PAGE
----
This was the first trial held in Germany of a jihadi raised in the country and accused of joining the radical militant group.
The court decided to treat Kreshnik B, who was born to Kosovan parents in Germany and spent over six months last year in Syria, as a juvenile due to a lack of maturity.
The judges said no evidence existed linking the defendant to direct fighting.
Judge Thomas Sagebiel said that as a youth the man could not resist the strong influence of his friends who were Islamic.
Although he displayed radical Islamist attitudes, the judge said he hoped a sentence as a minor would have sufficient educational effect on the young man.
In Germany, people who are 18 to 21 years of age can be considered juveniles under the law if they have been judged to lack the sense of responsibility of an adult.
The sentence for the man was six months less than prosecutors had requested but more than the 39 months the defense lawyer asked for.
This sentence came after the defendant in exchange for a lenient sentence by the judges, admitted to joining the Islamic State and receiving training in the use of weapons.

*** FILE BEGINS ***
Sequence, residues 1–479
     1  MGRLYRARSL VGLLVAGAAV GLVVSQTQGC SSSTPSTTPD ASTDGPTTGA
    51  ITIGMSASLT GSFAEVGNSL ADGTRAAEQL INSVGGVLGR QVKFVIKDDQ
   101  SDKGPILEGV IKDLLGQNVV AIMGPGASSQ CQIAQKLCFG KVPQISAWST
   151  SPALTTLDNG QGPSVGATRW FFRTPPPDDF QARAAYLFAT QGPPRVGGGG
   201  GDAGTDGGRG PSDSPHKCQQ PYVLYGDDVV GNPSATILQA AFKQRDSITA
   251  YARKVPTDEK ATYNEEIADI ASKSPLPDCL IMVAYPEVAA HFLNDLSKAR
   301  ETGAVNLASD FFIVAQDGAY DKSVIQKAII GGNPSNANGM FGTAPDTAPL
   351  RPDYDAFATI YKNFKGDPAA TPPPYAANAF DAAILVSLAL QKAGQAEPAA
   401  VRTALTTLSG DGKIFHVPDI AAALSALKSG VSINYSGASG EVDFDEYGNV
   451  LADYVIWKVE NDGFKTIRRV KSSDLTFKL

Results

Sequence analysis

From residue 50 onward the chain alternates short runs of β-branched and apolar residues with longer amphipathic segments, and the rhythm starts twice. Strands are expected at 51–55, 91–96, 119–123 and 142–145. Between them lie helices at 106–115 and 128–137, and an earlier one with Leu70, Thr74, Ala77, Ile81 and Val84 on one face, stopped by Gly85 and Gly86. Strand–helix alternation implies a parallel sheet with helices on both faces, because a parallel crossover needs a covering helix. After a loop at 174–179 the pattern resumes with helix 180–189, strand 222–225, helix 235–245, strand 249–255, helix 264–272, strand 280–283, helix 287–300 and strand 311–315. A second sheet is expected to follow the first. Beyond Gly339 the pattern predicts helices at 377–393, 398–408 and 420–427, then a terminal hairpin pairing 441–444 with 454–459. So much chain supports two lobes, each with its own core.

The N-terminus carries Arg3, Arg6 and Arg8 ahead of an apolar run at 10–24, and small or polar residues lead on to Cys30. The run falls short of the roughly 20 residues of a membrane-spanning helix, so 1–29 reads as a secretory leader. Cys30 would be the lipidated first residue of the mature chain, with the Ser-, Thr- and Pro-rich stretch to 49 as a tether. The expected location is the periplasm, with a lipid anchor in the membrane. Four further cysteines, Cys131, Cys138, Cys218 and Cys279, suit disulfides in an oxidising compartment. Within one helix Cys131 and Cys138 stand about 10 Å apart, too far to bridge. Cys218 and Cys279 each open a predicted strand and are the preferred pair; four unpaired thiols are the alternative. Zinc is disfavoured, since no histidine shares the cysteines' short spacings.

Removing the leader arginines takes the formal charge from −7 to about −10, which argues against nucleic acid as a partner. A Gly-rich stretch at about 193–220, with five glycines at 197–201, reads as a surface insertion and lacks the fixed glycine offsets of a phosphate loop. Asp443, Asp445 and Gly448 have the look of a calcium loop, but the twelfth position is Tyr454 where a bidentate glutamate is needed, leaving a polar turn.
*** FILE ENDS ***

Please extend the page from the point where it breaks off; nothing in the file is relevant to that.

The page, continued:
The defendant appeared relaxed upon entering the courtroom and looked down when his verdict was read.
He was casually dressed and sported a beard.
Militants from Islamic State have captured huge swathes of land in Iraq and Syria, executed Western prisoners, killed a number of Muslims who are non-Sunni and declared their own caliphate ruled by sharia law.
Thousands of volunteers from the West have gone to Iraq and Syria to join the militant group, which has raised fears in the United States and Europe of these people returning and carrying out domestic attacks.
It is estimated that over 550 citizens from Germany are members of the Islamic State in Syria and Iraq and close to 60 have died in fighting, with some carrying out suicide bombings, said authorities.
About 180 are thought to have returned to Germany, while another 300 are under investigation.